By Maria Saporta
Friday, August 19, 2011
City leaders are exploring a move of the aging Atlanta Cyclorama to a newer, higher profile venue to draw more visitors to the panoramic painting of the Civil War.
The effort is being led by the city of Atlanta and Mayor Kasim Reed, who has invited several stakeholders to a meeting Sept. 26 to tackle the future of the Cyclorama. The work also comes as the nation recognizes the 150th anniversary of the Civil War.
The Cyclorama, adjacent to Zoo Atlanta in Grant Park, depicts one of that war’s most important campaigns, the Battle of Atlanta.
The task force includes Central Atlanta Progress, a downtown economic development group; the Atlanta History Center in Buckhead; Zoo Atlanta and the National Center for Civil and Human Rights, among others.
It will consider two major questions: whether to move the Cyclorama and how to restore it. The Cyclorama needs a location that can draw more visitors, and the exhibit is buckling so much that its paint has begun to fall to the floor.
The preservation of a unique but deteriorating piece of art is not all that’s at stake. So too are tourism dollars.
The observance of the Civil War sesquicentennial starts this year and lasts through 2015, with the promise of attracting heritage tourists to states where most of the key battles were fought, including Georgia and Virginia.
Virginia, for example, has bankrolled a commission with $10 million to oversee commemorations that will attract tourists.
Georgia’s General Assembly, meanwhile, facing state budget constraints, gave the state’s Civil War Commission just $10,000.
Wonderful, but underappreciated
In the early going, at least three sites might be in consideration to relocate the Cyclorama.
One option is the former World of Coca-Cola, next to Underground Atlanta, a site considered as a Georgia history museum. Another possibility is the Atlanta History Center on West Paces Ferry Road, near the Governor’s Mansion, an option that could pair the painting with an extensive Civil War exhibit. A third option would be finding a site around Centennial Olympic Park, close to a cluster of attractions.
The Cyclorama could also stay where it is.
Our goal is to find a resolution,” said George Dusenbury, commissioner of the City of Atlanta Department of Parks, Recreation and Cultural Affairs. “Too few people even know the Cyclorama exists.”
Moving the exhibit would enable Zoo Atlanta to expand.
“We are landlocked, and anytime adjacent property becomes available, we would be interested in it,” said Raymond King, president and CEO of Zoo Atlanta.
Whether it relocates or not, the Cyclorama, housed in a historic 1920s building, is deteriorating. Without a major restoration that damage may become worse with time and more expensive to repair.
“The paint is popping off the canvas,” said Sal Cilella, president and CEO of the Atlanta History Center.
Funding is the greatest hurdle facing the Task Force.
A foundation, observers say, is the most likely candidate to step up and support the project.
A restoration and relocation of the Cyclorama, and the renovation of an existing building or construction of a new one to house it, are all components of the most ambitious option. That, observers say, might range from $25 million to $30 million.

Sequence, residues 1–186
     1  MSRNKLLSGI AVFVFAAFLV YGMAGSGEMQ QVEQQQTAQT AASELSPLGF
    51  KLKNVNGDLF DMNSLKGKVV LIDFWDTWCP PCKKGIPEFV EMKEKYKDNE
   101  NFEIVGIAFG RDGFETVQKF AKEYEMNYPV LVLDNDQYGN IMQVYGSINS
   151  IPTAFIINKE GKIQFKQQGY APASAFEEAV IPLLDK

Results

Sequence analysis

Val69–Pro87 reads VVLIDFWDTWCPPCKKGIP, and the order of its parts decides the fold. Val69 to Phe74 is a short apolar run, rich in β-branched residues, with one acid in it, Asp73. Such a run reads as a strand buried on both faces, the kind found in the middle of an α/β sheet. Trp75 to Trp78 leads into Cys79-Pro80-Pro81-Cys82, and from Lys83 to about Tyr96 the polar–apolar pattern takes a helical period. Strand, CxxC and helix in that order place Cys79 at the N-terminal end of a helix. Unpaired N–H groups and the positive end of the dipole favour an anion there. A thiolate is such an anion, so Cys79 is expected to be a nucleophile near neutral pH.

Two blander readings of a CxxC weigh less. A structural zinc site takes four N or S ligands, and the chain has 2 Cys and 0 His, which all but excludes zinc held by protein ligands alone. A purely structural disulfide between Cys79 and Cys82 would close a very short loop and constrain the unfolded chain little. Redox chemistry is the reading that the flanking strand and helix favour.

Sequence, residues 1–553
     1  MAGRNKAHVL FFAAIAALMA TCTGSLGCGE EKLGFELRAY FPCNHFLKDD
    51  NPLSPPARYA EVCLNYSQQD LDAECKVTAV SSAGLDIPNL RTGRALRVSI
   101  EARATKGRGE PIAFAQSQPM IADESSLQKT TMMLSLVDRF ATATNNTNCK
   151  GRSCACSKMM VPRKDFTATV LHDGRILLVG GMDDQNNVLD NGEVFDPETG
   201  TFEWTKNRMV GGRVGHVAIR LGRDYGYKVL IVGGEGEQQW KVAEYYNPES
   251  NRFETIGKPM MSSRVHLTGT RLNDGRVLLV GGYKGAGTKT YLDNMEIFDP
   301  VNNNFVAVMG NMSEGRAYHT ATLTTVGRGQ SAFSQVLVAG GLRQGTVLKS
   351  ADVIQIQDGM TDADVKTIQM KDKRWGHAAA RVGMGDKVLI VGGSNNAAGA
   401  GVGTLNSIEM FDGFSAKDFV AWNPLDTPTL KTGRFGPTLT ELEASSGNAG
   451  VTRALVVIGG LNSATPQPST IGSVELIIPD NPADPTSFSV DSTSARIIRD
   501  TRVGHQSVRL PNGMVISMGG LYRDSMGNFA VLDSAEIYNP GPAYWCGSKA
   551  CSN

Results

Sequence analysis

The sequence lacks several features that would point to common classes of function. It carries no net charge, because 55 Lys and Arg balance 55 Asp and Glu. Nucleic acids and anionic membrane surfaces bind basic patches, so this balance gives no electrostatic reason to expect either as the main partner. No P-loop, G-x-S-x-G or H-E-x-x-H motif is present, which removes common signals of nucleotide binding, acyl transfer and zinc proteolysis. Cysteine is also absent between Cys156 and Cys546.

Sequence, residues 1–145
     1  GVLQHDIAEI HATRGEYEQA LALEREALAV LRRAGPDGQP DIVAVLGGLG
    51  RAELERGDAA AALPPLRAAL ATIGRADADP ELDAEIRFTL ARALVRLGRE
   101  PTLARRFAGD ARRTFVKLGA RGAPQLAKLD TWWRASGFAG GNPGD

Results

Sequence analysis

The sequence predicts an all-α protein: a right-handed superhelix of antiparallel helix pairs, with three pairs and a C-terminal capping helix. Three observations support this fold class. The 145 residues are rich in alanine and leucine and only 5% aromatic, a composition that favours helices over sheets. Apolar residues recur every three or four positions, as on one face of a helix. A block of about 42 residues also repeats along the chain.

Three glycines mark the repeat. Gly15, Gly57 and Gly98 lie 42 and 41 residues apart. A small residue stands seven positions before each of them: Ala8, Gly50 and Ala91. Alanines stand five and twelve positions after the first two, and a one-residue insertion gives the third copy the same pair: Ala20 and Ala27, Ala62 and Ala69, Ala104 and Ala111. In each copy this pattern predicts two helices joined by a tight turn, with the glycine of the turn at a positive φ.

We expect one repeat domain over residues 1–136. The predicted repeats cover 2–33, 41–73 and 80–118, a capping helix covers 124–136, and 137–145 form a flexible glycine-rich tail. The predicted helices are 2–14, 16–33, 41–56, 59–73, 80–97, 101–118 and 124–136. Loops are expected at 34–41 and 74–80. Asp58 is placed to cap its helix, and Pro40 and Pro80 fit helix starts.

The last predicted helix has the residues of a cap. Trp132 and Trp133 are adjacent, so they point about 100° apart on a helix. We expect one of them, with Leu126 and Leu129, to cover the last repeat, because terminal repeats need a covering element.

The city could keep the Cyclorama where it is, but a restoration would still be needed, and it could cost up to $10 million.
“I hope we can come up with a good plan, and that the foundation community will buy in,” Dusenbury said. “Without their support, it wouldn’t be possible.”
A.J. Robinson, president of Central Atlanta Progress, said, “This is a wonderful asset that many people need to see. I believe there’s a great deal of potential, not only to make it a first-class attraction for the city and state, but also a first-class educational and cultural experience.”
Relocating the Cyclorama would be a significant decision for Atlanta.
The painting has been shown in Grant Park since 1893 and was moved to its current location in 1921.
It was donated to the city of Atlanta in 1898 by George V. Gress.
Cycloramas were the IMAX theaters of their day, an artistic genre that sprung up in the years after the war, offering 360-degree views of key battles, an emotional connection to the war for those who lived through it and for others who only knew its stories.
The Atlanta Cyclorama is the largest of only three such paintings in the United States, covering about 15,000 square feet.
If the Cyclorama stays where it is, it will likely need much more marketing behind it.
“On an operational basis, it makes a little money,” Dusenbury said.
But, the aging painting needs help, even if it doesn’t move.
‘Sense of urgency’
David Olin, of Olin Conservation Inc., a firm that has studied the Atlanta Cyclorama since 2004, said if nothing is done to restore the painting it will continue to deteriorate and keep losing its inherent visual character.
“There is a sense of urgency,” Olin said. “The longer it hangs, the more the damage will compound itself.”
The Cyclorama is suffering from two problems. First, it’s not properly secured and hangs much like a shower curtain.Second, as it hangs, the painting buckles.
The restoration of the Cyclorama also goes beyond preserving art or creating a stronger tourist attraction.
“This is a matter of civic pride,” Cilella said. “If you care for your city, and for its history, you care about something like this.”